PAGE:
It took a few days but I have recovered from last week’s interview stress!  A gorgeous weekend and lots of outdoor time helped!

The interview went well.  I’m not sure I got the job but I’m not sure I want the job.  The company is doing really neat science but they’re a very early start up, currently only 10 employees.  So, they’re thinking things over, I’m thinking things over.  We’ll just have to wait and see what happens.

In the meantime, I’ve got plenty of crafty ideas to keep me busy!  Last night was our annual knitting group anniversary party.  9 Years of stitching and bitching!  Wooo!  As part of our annual tradition, we pick names from a hat and then knit for each other.

I really struggled with what to knit this year.  My gift recipient is a total process knitter who loves to knit for other people.  I spent a lot of time thinking about what she would love and find useful.  After considering everything, I decided on a Wonder Woman wrap.  Check it out here, if you aren’t familiar.  It’s a free pattern!

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Like most knitting, it got to a point where it went to the time out corner.  I was happy enough with my progress but our party was months off.  I had plenty of time.  Of course, a quick trip to the time out corner turned into a complete shunning.  My intention was to pick it up two weeks before the party and crank it out.

And then the interview came up.  Keeping the deadline in mind, I was still confident I had time to get the knitting done so my project continued to languish.  I didn’t give it a second thought.

Until…I got home from my interview, ready to knit.  That was about the time I decided I didn’t like my progress and wanted to start over again.  D’oh!  96 hours and I wanted to scrap the whole thing.

The sticky wicket here was sizing.  I picked the smaller size in the pattern and I knit to gauge so I wouldn’t run out of yarn.  As a lover of large shawls, this barely scarf sized piece just wasn’t cutting it.  I was unhappy with it.  I wasn’t motivated to move forward with something I didn’t like so back to the drawing board.

I decided to start an entirely new project…this time, cross stitch.  I should have just started at cross stitch.  We’re both happy with how things ended up…

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A Star Wars collection of cross stitch!  Once I got started it was impossible to stop.  This is so fun!! The series will definitely continue…Aren’t you a little short for a Stormtrooper?  It’s a trap!  and Han shot first are all on the list, with a few others being considered as well.  There’s just so many options…

I love the Millenium Falcon on the black aida.  Colored aida is such a simply idea but you really don’t see it much?  Why is that?  It can’t be because cross stitchers lack imagination and creativity.  I refuse to believe that.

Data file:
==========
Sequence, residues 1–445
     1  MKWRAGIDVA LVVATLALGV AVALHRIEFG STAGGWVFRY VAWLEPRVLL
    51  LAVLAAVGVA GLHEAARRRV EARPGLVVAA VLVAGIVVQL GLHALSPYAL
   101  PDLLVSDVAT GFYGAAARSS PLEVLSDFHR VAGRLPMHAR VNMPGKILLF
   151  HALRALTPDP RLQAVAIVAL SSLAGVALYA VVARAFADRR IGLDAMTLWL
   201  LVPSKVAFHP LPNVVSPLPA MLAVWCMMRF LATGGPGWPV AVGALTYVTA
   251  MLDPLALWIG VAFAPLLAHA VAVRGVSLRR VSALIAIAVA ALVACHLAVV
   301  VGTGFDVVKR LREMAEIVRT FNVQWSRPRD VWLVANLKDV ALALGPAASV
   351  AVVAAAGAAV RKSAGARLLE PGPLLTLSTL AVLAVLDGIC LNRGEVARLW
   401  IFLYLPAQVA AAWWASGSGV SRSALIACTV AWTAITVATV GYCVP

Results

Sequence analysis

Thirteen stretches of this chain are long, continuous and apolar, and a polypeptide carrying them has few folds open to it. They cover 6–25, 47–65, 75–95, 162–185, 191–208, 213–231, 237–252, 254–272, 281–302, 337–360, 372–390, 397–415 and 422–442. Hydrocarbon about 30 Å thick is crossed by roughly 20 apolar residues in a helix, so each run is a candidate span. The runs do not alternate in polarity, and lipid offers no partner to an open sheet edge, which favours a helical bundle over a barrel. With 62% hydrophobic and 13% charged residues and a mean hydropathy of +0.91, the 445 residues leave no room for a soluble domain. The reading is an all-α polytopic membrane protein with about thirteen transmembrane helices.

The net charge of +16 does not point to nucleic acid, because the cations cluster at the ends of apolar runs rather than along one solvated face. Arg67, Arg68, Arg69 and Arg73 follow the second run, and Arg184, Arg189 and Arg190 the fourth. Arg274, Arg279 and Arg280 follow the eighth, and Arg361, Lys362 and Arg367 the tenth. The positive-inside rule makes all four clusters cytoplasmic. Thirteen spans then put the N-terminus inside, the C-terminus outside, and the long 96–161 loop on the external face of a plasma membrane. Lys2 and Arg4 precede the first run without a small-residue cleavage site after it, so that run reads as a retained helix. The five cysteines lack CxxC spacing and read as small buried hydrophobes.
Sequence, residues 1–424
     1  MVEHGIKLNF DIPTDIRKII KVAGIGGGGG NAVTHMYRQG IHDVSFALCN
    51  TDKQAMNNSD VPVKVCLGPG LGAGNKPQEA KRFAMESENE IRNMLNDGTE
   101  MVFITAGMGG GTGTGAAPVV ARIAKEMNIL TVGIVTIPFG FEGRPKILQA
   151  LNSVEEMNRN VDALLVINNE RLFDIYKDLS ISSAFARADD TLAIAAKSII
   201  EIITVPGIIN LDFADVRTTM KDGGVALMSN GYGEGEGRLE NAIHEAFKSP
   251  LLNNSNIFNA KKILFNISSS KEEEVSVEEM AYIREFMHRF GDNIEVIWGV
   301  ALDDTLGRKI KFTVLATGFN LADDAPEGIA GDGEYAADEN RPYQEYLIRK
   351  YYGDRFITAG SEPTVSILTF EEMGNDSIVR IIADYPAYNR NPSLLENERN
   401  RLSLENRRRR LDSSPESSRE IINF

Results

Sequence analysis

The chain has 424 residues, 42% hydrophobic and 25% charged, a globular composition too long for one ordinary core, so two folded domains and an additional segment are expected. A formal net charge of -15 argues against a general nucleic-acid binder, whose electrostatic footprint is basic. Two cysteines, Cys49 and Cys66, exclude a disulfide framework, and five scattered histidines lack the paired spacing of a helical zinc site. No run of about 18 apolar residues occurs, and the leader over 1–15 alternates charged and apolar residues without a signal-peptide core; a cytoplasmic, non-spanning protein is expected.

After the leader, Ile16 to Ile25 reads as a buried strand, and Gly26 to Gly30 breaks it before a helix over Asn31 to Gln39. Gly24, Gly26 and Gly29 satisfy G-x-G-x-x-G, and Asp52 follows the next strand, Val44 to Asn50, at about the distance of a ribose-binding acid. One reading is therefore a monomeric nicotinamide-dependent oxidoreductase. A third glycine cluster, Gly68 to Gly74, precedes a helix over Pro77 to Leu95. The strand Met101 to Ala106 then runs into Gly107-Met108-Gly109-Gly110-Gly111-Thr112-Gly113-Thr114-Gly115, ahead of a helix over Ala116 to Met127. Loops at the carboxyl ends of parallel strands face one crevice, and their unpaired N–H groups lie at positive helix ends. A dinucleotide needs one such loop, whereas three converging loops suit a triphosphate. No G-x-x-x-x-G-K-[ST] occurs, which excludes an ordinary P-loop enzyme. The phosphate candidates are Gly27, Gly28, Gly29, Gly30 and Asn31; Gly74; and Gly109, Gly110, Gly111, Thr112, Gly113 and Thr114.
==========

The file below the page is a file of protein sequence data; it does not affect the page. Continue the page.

So, a couple weeks back, I suggested to my dye master Mother that aida is cotton, like yarn and t-shirts…no reason she can’t dye it.  Yesterday, this came in the mail…

Hand dyed aida in a glorious array of colors!!!  I’m so excited about this.  There might be a Millenium Falcon in a deep purple outer space in my future!  I can’t wait to play with it!

I haven’t decided what to do with my Wonder Woman wrap yet.  We’ll talk about that more tomorrow!  I’ve got knitting goals too!  If I could just have two extra arms, I could be knitting and cross stitching at the same time…A girl can dream, right?


 

Stash Enhancement

After a period of losing local yarn shops, San Francisco got a new shop over the long weekend!  Woo!  Firebird Yarns…right on Haight Street…a great location for tourists and locals, alike.   I can’t wait to see how things develop there.  I hope the shop continues to grow and sticks around for long time.

It hit a lot of current trends…indie dyers, gradient yarns, mini skeins, speckles galore!  All things I like.  The indie variety was impressive…Loft Twenty Two, Houndstooth Fiber Arts, Hula Hut Yarn, Mad Science Yarns (great color names here–tesla coil, genetically modified berries, perfect mad science names!).

And now, here’s my plea to those indie dyers…please, please, please expand your offerings beyond superwash.  There is a market for non-superwash yarns, especially considering how many of those superwash yarns are labeled ‘hand wash cold, lay flat to dry’.  That’s not how superwash works.

With that in mind, the shop did have one special yarn, non-superwash, sheep raised in Texas, milled out in the Sacramento Valley.  It’s a great color too, so I had to buy a skein.  It’s a bulky single ply with a bit of thick and thin happening.  No idea what I’ll do with it, but I’m sure it’ll be good!  It’s a nice soft yarn!

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Of course, I can’t resist a good speckle so I picked up a skein of Hula Hut Yarn too.

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I’ve got a good collection of green yarns now, this could be my next cast on!  Perhaps at the end of the week, after my job interview.  I’ve got 48 hours left to prepare…so it’s all work until then!  I’d say ‘wish me luck’ but this is definitely the type of situation where you make your own luck.  I’m feeling good about my presentation but I’ve still got lots of fine tuning to do.  What I really need is two days of distraction free focus.  (that might be where the luck comes in!)  I’ll keep you posted!  :)